Cincinnati Reds Top 45 Prospects

Cincinnati Reds Top 45 Prospects

© Dale Zanine-USA TODAY Sports

Below is an analysis of the prospects in the farm system of the Cincinnati Reds. Scouting reports were compiled with information provided by industry sources as well as our own observations. This is the second year we’re delineating between two anticipated relief roles, the abbreviations for which you’ll see in the “position” column below: MIRP for multi-inning relief pitchers, and SIRP for single-inning relief pitchers.

A quick overview of what FV (Future Value) means can be found here. A much deeper overview can be found here.

All of the numbered prospects below also appear on The Board, a resource the site offers featuring sortable scouting information for every organization. It has more details than this article and integrates every team’s list so readers can compare prospects across farm systems. It can be found here.

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Other Prospects of Note

Grouped by type and listed in order of preference within each category.

More Power-Over-Hit Types
Michel Triana, 1B
Cristian Santana, 3B
Ruben Ibarra, 1B
Debby Santana, 3B
Danny Lantigua, RF
Nick Quintana, 3B

The 22-year-old Triana signed for $ 1.3 million so long ago that 2022 is his 40-man evaluation year even though he enters it with just 50 games of affiliated experience, largely due to the timing of his signing and the pandemic. He has a middle linebacker’s build and plus raw power, but the hit tool and approach will make it tough for him to profile at first base, his likely destination. Cristian Santana is similar, except he has a plus arm and is a few years older. In fact, Triana, both Santanas here, and Danny Lantigua all have swing decision issues undercutting their power. If Triana is a linebacker, then Ibarra is a guard, as he measures in at 6-foot-5, 290 pounds. The Reds 2021 fourth rounder from San Jose State, Ibarra is incredibly athletic for his size and has yet to get to his raw power in games. Quintana has had a shocking fall after he was in the first or second round mix for most of his amateur career. He has hit under .200 at his last two assignments and was whiff-prone again this spring.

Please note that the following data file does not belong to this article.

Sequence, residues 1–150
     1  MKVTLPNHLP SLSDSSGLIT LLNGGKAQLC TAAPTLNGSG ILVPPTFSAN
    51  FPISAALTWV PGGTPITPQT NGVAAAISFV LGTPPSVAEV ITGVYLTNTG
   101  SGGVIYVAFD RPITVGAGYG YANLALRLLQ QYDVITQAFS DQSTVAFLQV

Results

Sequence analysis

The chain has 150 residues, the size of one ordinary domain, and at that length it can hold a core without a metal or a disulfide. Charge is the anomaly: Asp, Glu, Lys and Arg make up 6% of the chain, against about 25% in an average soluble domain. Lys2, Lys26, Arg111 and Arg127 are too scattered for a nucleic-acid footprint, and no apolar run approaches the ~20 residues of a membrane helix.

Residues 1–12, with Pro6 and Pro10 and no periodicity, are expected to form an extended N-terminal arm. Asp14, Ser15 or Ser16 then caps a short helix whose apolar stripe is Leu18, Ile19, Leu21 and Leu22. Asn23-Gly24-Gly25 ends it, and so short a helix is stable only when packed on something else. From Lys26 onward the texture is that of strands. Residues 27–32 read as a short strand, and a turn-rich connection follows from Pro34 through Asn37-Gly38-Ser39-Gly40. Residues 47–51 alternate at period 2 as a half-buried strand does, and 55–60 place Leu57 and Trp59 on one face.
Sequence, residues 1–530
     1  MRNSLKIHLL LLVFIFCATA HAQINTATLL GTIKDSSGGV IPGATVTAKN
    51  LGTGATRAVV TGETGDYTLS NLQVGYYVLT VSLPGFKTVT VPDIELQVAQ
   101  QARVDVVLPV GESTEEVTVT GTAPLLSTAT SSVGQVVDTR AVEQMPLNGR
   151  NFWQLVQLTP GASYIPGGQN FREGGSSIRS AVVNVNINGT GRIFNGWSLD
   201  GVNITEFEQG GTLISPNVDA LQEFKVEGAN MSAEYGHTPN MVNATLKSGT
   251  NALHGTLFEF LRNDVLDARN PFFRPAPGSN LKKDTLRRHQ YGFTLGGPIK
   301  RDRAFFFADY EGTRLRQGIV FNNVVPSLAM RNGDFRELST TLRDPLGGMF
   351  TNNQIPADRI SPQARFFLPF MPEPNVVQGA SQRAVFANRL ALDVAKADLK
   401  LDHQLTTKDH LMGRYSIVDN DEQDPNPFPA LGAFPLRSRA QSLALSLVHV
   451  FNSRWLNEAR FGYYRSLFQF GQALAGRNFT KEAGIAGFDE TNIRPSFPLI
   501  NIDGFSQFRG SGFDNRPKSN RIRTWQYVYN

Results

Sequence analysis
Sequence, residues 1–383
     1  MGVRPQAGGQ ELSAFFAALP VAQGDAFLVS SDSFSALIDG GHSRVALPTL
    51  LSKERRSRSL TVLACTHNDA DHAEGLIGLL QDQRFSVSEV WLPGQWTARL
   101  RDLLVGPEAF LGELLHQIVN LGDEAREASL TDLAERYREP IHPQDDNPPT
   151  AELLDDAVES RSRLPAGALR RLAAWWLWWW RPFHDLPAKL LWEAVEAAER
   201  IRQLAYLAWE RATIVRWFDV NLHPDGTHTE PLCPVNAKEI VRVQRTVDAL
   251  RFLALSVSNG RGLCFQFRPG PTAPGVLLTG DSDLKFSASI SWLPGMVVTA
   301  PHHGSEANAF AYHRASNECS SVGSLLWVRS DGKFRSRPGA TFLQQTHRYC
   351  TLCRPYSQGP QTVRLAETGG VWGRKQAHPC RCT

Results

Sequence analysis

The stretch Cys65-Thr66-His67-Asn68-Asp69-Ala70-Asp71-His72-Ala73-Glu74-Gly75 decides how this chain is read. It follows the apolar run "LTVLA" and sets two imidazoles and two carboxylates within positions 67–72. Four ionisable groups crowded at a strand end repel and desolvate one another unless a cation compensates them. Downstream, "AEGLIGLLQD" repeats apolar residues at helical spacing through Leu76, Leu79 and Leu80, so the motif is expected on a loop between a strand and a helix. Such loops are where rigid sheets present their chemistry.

Contact, Low Impact
Francisco Urbaez, 2B
Lorenzo Cedrola, R16
Ashton Creal, R16
Jacob Hurtubise, R16
Leonardo Rivas, 2B

Urbaez, another good Florida JUCO find in this system, is a righty-hitting, slightly more athletic version of Alejo Lopez. Cedrola can run and barely swings and misses. His name was bandied about in Rule 5 rumors during the offseason, but he’s realistically a fifth outfielder. Creal, drafted out of an Illinois JUCO in 2019, has a collection of average tools and the most balanced skill set in this subgroup. Hurtubise was an undrafted free agent in 2020, signed out of Army. He had a .413 OBP in his first pro season. Rivas looked like a slam dunk utilityman early in his career, but his lack of strength turned out to be very meaningful and now he’s an upper-level depth option.

Twiddling Our Thumbs
Joel Kuhnel, RHP
Sam McWilliams, RHP
Brandon Bailey, RHP
Jacob Heatherly, LHP